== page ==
But let me explain.
It’s certainly not because I believe the only true church is OPC or CREC or PCA or URC or some such silliness. It’s certainly not because I don’t recognize the various forms of stagnation, sectarianism, or nominalism in our circles. We have our warts and stinkers too. And to be completely clear, I fully realize that given the state of modern evangelicalism, it’s quite possible that some Joad might suddenly wake up during the seventh verse of Spring Up, O Well in the middle of the travesty that routinely passes for Christian worship in America and walk out of the glitzy “worship” center and cross the street to a Roman or Eastern service and get far more Bible, more of the holistic Christian tradition, and most crucially, more of Jesus Christ. Got that. Check. And if I ran into that same fellow a year later, while I would certainly warn him about some of the less than biblical things he’s likely to find in Rome or Constantinople. I could hardly blame him. And when it comes to homo mirage and abortion, many of our Roman brothers have stood for and with Christ with far more courage and integrity than many evangelicals who frequently have the backbone of a gummy worm.
But when it comes to Reformed types who ought to know their Bibles, ought to have a deeper understanding of God’s working in the world, I confess to be a tad bit more, well as I say, baffled. And again, let me clarify: this is not because I don’t lament some of our tendencies. We’ve frequently turned worship into an anorexic lecture hall. We’ve starved our covenant children by not welcoming them to the Lord’s table. And sometimes we’ve hiked our theological undies up to our arm pits and gone red in the face about exegetical gnats while swallowing cultural camels. Got that too. Check. But still. But still. There’s a little thing called perspective. And I’m not bringing this up to flaunt like I got the magic decoder perspective glasses. Myopia is an equal opportunity offender. Yet if the Reformed tradition has sought to do anything it’s point back to Scripture again and again. And what we find in Scripture, if we keep reading it from Genesis to Revelation, is a story. It’s the story of God’s dealings with His people, and one of the glories of reading and studying the Bible is that patterns and motifs emerge. Not only that, but a distinct image begins to emerge of what God’s faithful look like and where they come from and where they are found and how they interact with less than ideal circumstances.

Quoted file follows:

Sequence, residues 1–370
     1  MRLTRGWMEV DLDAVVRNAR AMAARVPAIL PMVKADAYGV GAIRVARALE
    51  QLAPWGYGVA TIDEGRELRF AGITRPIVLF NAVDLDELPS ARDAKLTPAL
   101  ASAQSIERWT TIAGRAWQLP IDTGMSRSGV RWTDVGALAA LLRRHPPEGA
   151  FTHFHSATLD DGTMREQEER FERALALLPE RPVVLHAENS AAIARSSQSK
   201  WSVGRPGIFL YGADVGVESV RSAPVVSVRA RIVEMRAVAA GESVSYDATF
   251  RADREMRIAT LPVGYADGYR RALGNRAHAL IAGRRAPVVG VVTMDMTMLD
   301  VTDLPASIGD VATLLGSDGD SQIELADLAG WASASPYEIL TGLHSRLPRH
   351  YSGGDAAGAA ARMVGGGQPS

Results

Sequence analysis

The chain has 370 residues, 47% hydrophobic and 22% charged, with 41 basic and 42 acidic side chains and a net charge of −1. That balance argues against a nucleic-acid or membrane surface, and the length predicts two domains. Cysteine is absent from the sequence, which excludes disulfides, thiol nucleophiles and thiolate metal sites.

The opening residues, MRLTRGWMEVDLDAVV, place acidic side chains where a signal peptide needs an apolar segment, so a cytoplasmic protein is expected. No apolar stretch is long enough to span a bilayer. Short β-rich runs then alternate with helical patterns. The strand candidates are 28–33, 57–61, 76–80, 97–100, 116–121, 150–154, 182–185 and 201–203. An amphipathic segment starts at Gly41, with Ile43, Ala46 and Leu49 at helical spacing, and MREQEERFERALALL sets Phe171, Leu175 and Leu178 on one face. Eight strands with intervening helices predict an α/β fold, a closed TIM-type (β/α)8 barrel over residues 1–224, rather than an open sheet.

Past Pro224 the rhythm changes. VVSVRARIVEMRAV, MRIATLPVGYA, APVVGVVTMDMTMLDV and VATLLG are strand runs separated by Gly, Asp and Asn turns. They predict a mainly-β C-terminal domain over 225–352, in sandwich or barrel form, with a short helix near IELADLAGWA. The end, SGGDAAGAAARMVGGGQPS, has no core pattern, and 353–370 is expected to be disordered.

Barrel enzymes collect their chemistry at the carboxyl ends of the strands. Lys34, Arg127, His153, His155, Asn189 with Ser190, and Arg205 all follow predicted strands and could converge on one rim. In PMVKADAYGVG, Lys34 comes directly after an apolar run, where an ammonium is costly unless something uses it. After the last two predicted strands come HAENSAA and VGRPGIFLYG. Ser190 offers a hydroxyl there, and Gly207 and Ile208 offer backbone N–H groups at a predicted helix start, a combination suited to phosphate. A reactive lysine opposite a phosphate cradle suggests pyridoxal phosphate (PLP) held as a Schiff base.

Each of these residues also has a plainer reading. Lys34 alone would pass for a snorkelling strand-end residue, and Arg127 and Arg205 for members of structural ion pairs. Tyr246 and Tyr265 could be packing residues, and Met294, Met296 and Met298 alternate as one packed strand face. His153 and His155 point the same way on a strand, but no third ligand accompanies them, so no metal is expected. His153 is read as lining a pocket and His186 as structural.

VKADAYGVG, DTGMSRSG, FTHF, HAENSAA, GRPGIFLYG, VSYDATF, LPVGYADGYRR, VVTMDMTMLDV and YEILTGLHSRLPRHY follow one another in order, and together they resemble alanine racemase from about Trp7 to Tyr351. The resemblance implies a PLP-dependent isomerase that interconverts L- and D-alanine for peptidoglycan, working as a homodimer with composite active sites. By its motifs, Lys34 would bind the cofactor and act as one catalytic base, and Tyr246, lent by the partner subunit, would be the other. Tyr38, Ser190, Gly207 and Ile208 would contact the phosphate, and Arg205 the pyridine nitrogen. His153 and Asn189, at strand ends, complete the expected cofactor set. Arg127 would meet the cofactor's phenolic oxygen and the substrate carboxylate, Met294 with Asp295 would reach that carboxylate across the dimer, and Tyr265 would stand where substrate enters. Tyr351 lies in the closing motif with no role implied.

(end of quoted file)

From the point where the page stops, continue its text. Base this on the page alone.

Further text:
We find Abraham sojourning in foreign lands, Moses leading a stiff-necked people, Samson picking fights with Philistines, Elijah praying for droughts, Ezekiel doing pantomime, and finally God’s only Son born of a teenage virgin from Galillee, a carpenter’s son, rejected, condemned, and judicially murdered. He rises from the dead, but He doesn’t walk into Pilate’s court and demand to be given a seat of honor. He doesn’t tell His disciples that once the Spirit is given they will be recognized as brilliant politicians and theologians. He says that they will be witnesses, martyrs for His Kingdom throughout the earth. And so the Spirit is given, the Christian Church is born, and right on schedule Stephen is stoned and the believers scatter. This is the way of the Spirit, and this is precisely what Stephen’s sermon was all about. Does God dwell in temples made with hands? The answer yes and no. In one sense of course not; He dwells in heaven. The earth cannot hold him. And at the same time, by the Incarnation and giving of the Spirit God does come down. His glory does sometimes fill houses and now especially people.